I have kids, and the question I ask myself is: What sort of society do I want to leave for them? This is a bit different from the usual "better world" stuff (although a habitable planet would also be a nice legacy!) I mean, I could just set them up for life or something, but I'd much rather leave them a functioning society where they can rely on their fellows (and vice versa) than one where they (and the other descendants of lucky bastards like myself) are insulated from communal life by a fortress built of money that has no empathy and may let them down at some point (didn't somebody once describe wealth being vulnerable to moth, rust and thieves?)

My kids have plenty of advantages already, but a more important one would be a society built on empathy and compassion, not on fear. And that is something we can give to everyone.

Comment Re:Let's face it... (Score 1) 260

How so? At no point does the Bible state that God only created humans nor does it exclude the idea that he created beings not in his image. I'm no biblical scholar nor a Christian but I don't see where it is incompatible or anything. It doesn't even extend to beyond the Earth so far as I know, except for the heavens which can be defined in a variety of ways. I have read the entire Bible but I didn't really understand all of it so I may be missing something. I should probably read it in a format other than the KJV.

Indeed. C.S.Lewis' Space Trilogy is a good fictional example, and his essay Religion and Rocketry is his take in an apologetic vein.

(Not to mention Jesus' I have sheep that are not of this fold remark.)

Comment Re:Manipulate people opinions (Score 1) 133

Actually, no. The cause is not enough exercise/work. You can eat as many calories as you want as long as you expend enough energy to compensate, anything less makes you fat.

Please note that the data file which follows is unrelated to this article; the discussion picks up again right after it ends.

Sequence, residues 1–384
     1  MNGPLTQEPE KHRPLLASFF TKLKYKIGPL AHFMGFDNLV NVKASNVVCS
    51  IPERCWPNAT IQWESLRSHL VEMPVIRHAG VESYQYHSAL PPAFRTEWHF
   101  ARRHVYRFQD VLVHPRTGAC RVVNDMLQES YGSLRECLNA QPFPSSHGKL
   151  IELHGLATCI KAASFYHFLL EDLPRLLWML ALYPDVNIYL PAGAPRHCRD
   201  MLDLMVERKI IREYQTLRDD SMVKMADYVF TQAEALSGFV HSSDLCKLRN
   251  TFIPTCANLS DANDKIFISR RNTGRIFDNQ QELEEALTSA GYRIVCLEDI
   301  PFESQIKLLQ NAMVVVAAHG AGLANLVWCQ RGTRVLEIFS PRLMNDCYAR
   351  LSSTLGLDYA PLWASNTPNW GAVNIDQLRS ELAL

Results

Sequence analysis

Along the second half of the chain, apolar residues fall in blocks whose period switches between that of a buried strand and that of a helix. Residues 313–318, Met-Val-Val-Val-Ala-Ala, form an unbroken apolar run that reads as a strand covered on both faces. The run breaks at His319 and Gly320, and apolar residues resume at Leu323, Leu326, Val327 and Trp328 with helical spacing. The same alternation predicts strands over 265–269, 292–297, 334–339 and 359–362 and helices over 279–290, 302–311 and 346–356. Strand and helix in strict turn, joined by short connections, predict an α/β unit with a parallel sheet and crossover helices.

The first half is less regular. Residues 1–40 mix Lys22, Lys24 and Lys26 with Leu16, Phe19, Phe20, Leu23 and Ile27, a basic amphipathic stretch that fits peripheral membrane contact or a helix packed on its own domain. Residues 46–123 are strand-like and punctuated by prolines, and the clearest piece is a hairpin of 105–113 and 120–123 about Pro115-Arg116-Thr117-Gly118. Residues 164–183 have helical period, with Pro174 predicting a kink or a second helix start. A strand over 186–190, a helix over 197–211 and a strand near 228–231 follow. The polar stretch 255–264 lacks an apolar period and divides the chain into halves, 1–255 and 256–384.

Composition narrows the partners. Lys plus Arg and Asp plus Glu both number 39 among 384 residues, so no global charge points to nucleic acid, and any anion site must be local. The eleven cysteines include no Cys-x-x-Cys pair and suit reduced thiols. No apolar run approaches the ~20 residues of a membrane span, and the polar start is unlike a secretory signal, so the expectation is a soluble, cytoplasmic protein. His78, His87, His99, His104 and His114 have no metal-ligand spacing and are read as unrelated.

See how easy it is too justify the exact opposite. I can actually say that my version is more accurate to real life because you eventually reach a point where you are spending so much time expending energy that you cannot consume more calories and the system can reach equilibrium. You cannot go the other direction and expend so little energy that you can eat nothing. Besides, sitting on your ass all day and eating almost nothing will have its own consequences (poor circulation, bed sores, atrophied muscles, etc) whereas leading an active lifestyle generally prevents those problems.

While your rhetoric is impeccable, the reality is that it is difficult to burn enough calories through exercise. (The may have been your point, but it is hard to tell.) If you want to lose weight, you have to eat less than you burn (which is the point the GP was trying to make in an abbreviated fashion.) I have been training in tae-kwon-do for about 30 years now, and the caloric burn for my weight is about 800/hour, which is pretty high up on this list. In spite of this, I found it far more effective for weight loss to simply reduce snacks and meals,, swap carbs for protein and fat, and reduce sugar than to try to add more workouts. You get a lot more weight loss for your time and willpower. I mean think about it - a couple of doughnuts, vs an hour's workout plus travel time? If you have a life outside of the gym, it's a no brainer.

Comment Re:You are Confused (Score 1) 417

Historical evidence is always nice, but if what you say about the baseline data is true (I'm not an expert), we may have to rely on modeling. It's the ocean food chain, FFS, so we should be cautious IMHO.

As for acidification, you are correct that it is buffered, but as I pointed out to another respondent, the buffering is provided by Ca ions - which is the real problem, not the ph levels.